One of the least enjoyable and (arguably) most important aspects of preparing a manuscript is the bibliography. Matching the work that you cited throughout the paper to your reference list whilst adhering to the citation standard favored by the journal can be a daunting task. As an example, Gupta (2018) measured the citation errors in a recent issue of ‘Libres: Library and Information Science Research’. Findings reveal that only 37% of citations were completely accurate.
Figure 6: ReciteWorks Citation Checking Tool
Luckily, there is an amazing, easy to use, (currently) free tool that will help you to never submit or accept an article with citation errors ever again. ReciteWorks checks that the citations in the body of your work match up with the references at the end.
Once you have uploaded your manuscript, recite will display a list of all in-text citations from your document. The output is color-coded. Blue indicates that your citation correctly matches a reference entry. Yellow indicates a possible match while red indicates no match. ReciteWorks also highlights entries in the reference section that have no in-text counterpart. Incorrectly ordered references have a little (up/down) arrow at the end of the reference line.
Furthermore, recite also checks for stylistic errors in citations such as missing commas, or violations of APA rules regarding the use of ‘and’ vs. ‘&’. Using the tool allowed me to realize my most common citation mistake – and where it stems from: As my thoughts and arguments evolve, I am moving paragraphs around – and I do this a lot during the writing process. This typically leads to clashes with the APA style for when to use the full author list, and when to abbreviate to “et al.” for in-text citations.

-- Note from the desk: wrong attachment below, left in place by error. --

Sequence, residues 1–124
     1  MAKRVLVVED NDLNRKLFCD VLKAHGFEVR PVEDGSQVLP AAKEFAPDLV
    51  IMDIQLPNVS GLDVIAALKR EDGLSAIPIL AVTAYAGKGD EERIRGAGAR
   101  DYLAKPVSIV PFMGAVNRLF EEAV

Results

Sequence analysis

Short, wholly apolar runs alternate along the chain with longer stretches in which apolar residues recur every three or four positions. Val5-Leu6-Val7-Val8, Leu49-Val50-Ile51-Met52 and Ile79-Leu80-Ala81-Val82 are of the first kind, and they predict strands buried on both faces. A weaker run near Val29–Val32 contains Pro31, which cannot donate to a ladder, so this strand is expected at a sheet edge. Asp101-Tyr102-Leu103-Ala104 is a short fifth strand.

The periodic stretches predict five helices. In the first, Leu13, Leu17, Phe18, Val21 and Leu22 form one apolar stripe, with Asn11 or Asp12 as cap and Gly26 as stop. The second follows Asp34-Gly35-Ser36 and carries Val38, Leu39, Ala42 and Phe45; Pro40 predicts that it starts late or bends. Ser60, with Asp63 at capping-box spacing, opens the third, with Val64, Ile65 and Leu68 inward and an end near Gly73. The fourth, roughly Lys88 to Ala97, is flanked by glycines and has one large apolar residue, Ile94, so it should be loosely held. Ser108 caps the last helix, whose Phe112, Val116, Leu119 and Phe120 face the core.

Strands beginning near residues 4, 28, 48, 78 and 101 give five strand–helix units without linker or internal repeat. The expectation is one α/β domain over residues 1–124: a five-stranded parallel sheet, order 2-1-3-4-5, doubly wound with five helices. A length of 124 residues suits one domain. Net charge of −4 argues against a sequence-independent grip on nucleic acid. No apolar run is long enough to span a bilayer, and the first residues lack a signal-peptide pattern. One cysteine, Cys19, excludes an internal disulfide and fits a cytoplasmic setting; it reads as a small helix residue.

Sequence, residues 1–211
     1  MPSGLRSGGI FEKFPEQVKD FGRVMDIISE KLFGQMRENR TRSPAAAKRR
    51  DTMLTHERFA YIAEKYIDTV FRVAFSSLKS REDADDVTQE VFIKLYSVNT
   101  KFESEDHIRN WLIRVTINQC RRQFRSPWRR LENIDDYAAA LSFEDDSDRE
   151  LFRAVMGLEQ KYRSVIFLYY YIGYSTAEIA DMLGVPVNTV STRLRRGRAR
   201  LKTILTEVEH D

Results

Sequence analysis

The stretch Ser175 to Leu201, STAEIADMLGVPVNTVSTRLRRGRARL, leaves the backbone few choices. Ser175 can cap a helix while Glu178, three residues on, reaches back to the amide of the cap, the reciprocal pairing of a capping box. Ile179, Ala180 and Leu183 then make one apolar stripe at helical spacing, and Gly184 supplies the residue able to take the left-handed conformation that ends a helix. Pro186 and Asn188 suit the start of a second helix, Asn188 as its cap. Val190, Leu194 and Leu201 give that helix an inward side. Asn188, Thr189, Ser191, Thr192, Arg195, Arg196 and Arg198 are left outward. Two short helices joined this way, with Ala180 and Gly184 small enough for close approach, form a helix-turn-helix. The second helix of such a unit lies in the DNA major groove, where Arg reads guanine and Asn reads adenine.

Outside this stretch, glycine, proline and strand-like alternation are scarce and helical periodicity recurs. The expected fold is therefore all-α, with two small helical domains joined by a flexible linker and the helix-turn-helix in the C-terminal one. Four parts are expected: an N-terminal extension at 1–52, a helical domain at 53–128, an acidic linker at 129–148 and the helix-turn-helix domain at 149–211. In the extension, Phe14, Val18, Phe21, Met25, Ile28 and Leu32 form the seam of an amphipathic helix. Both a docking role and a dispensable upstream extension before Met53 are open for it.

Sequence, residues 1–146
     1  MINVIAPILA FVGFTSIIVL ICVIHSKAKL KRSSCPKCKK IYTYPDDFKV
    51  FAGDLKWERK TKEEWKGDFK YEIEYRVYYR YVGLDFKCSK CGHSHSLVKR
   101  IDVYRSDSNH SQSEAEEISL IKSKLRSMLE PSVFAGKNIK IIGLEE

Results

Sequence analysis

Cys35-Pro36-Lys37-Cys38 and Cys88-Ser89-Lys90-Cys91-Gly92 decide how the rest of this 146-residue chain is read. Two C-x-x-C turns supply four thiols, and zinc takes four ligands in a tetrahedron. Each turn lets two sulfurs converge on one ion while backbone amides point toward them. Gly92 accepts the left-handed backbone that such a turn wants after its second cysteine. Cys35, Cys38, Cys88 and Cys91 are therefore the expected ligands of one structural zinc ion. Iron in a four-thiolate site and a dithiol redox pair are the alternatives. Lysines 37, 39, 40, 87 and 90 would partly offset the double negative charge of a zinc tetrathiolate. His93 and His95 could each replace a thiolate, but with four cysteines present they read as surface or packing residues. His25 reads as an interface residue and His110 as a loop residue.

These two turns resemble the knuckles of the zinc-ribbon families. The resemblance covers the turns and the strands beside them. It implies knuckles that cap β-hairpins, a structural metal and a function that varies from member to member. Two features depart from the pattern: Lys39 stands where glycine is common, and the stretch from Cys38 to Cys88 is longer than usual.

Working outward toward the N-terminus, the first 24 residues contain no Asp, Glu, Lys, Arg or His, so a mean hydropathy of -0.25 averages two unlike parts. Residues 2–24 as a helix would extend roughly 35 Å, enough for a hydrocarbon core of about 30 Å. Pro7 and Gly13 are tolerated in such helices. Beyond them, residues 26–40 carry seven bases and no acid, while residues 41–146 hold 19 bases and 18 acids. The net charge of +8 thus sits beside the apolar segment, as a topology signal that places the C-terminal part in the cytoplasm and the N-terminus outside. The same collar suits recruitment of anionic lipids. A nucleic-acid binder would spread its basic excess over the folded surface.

ReciteWorks points out these and other APA errors, and allows me to fix them efficiently. While it’s no guarantee for an error-proof manuscript, it’s a great tool for authors to submit with a high level of confidence. As an editor or reviewer, you can use the tool to produce a report of the manuscript’s citation quality. Simply save the results as a PDF, and attach them to your review.
Whether you write conference paper or prepare your manuscript for a journal submission, a well presented review of the literature together with correct citations and references significantly increase your chances to be accepted.
Your manuscript is now in great shape, and you are ready to submit to a journal? Read the tripartite series of AACE Review posts on selecting the right journal and sharing your work.
- EdTech Research – Where to Publish, How to Share (Part 1): Journal Overview
- EdTech Research – Where to Publish, How to Share (Part 2): Journal Metrics, Rankings and Citation Information
- EdTech Research – Where to Publish, How to Share (Part 3): Social Networks and Identifiers for Sharing Articles and Monitoring Citations
Gupta, V. K. (2018). Citation Errors in ‘Libres: Library and Information Science Research e-Journal’. Indian Journal of Library and Information Science, 12(1).
Pontis, S., Blandford, A., Greifeneder, E., Attalla, H., & Neal, D. (2017). Keeping up to date: An academic researcher’s information journey. Journal of the Association for Information Science and Technology, 68(1), 22–35